Yoder working in Africa recently.
PULLMAN, Wash. – A Washington State University economist describes recent trips to Kenya and Tanzania as a “figurative and literal homecoming.”
Literal because Jonathan Yoder, associate professor in the School of Economic Sciences, lived in Tanzania as a child. Figurative because his research for the Paul G. Allen School for Global Animal Health in these developing countries harkens back to why he first became interested in economics.
Yoder is part of a group of WSU researchers studying the economic impact of infectious livestock diseases on the livelihood of farmers in East Africa – particularly the Masai community in southern Kenya and northern Tanzania.
Much of the existing research has focused on the direct economic effects of livestock disease, such as the market value of cattle lost to disease or of lost livestock productivity or weight gain. The WSU scientists want to investigate the indirect economic effects.
Flexibility and wealth accumulation
Indirect economic effects follow from the fact that people change their behaviors in response to changing environments. For example, if an effective vaccine were available that allowed more cattle to survive, a herdsman could invest his income in something other than replacement livestock.
He could purchase a motorcycle, which would allow him to work outside the home and bring in more income. Or he could buy additional livestock to increase the herd size.
In addition, he could accumulate assets over time. Focusing on the loss of one year’s income from livestock disease misses the potential for wealth benefits over a longer period.
If a cow were to live longer due to successful vaccination, it might produce more calves that could be sold. The additional income could be used to purchase more livestock, buildings or, in the case of the Masai, more wives – which in turn would affect future household productivity.
Long-term research starts at household level
Studies have been done on the economic effects of livestock disease based on aggregate market data at the regional, national and international levels. But the research pursued by Yoder and his colleagues at the Allen School will start with a household-level analysis.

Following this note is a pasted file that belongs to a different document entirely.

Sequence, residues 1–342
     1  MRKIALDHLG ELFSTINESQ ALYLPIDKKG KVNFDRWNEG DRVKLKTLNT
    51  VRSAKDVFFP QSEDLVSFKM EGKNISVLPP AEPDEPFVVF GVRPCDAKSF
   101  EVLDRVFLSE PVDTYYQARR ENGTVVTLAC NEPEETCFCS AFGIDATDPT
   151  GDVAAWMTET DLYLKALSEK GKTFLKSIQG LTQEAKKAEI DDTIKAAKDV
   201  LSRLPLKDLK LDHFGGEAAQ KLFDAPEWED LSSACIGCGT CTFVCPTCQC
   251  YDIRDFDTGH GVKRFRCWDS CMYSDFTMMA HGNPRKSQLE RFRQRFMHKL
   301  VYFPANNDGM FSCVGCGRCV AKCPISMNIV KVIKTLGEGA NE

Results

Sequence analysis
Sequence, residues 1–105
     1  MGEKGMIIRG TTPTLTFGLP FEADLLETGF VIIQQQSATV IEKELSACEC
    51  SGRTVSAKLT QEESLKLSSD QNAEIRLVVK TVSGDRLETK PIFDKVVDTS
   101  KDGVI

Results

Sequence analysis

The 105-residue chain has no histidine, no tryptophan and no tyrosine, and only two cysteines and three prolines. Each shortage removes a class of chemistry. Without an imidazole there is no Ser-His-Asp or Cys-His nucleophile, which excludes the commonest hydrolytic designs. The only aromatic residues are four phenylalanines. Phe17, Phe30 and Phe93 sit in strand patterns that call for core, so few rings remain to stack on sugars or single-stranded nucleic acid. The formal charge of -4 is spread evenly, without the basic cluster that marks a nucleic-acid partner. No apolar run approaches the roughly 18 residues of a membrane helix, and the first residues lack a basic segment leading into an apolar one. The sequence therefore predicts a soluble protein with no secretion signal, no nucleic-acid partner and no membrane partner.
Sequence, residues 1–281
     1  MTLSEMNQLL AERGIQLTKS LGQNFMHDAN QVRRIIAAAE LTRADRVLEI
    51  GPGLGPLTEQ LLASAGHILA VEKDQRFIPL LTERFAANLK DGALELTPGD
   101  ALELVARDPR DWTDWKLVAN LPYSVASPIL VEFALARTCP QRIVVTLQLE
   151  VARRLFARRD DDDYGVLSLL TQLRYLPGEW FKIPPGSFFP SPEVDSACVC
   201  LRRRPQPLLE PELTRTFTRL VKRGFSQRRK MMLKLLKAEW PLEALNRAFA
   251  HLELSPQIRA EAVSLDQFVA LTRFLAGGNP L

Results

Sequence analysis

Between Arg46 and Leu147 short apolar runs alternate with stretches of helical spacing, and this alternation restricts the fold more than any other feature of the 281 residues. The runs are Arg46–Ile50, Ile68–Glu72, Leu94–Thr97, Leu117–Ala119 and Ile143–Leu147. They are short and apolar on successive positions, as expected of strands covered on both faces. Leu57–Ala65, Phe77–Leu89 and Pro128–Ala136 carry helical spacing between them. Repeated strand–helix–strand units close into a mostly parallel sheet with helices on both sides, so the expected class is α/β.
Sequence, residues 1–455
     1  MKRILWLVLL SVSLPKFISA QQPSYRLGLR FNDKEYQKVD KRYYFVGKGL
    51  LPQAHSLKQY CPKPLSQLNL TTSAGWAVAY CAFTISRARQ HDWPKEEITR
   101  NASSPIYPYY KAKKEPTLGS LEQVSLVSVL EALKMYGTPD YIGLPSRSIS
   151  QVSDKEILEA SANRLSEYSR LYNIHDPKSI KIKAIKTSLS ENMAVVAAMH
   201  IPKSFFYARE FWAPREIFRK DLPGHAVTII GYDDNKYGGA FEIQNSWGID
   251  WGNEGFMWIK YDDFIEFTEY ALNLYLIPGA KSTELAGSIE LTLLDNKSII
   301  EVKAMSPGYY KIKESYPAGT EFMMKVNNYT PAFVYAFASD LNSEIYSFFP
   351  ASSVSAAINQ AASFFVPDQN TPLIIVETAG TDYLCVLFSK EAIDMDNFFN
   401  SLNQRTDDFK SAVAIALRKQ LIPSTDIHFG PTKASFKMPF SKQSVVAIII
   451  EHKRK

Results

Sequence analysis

This approach is difficult, Yoder said, but it has the potential to provide a much richer understanding of the economic impact of livestock disease from the grassroots up.
The type of questions WSU researchers hope to answer include: How do livestock-dependent households respond when faced with a livestock disease or a new treatment opportunity? Is a particular livestock disease intervention economically worth its cost? What kind of national or international policies would be most economically effective? And how do you effect change in a developing country?
Return to childhood haunts
Yoder as a child, with monkey
and rabbits, in Moshi.
Yoder, left, as a child on Mount
Kilimanjaro in Africa.
Yoder was 7 when his uncle, who owned a travel agency and was living in Nairobi, contacted Yoder’s parents about a job at the Kilimanjaro Christian Medical Center in Moshi, Tanzania. Yoder’s father, a dentist, and his mother, who was involved in oral public health, decided to move their family – including four children ages 18 months to 8 years – from northern Indiana.
During the family’s five years in Tanzania, Yoder became fluent in Swahili and attended International School Moshi.
When Yoder traveled with other Allen School faculty members in December 2010 to explore research possibilities in Tanzania and Kenya, it was the first time he had been back to East Africa since his family left in 1978.
Coincidentally, he stayed in a hotel about 300 yards from the house where his family lived. One set of meetings took place in the hospital where his parents worked.
Development interest comes full circle
Yoder earned an undergraduate degree in biology at Indiana University, then began to study development economics on his own. Without ever taking an economics course, he moved to Montana State University, where he received a master’s degree in applied economics.
He earned his doctorate in economics at North Carolina State, where he became interested in environmental and natural resource economics, public policy and the economics of law.
In 2002, he joined the WSU School of Economic Sciences. After discussions with Guy Palmer, director of the Allen School, about integrating economics into livestock infectious disease research, Yoder became affiliate faculty with the Allen School in 2010.
Expertise and experience
Yoder, Palmer and other Allen School faculty Tom Marsh and Terry McElwain traveled to Tanzania and Kenya to explore research possibilities. They visited research facilities and met with researchers from the University of Glasgow, Centers for Disease Control Kenya and Duke University.
Yoder said the intellectual homecoming to his early interest in development economics and the physical homecoming to Tanzania have been “exhilarating and inspirational.” He looks forward to supplementing his professional expertise with his experience in the region.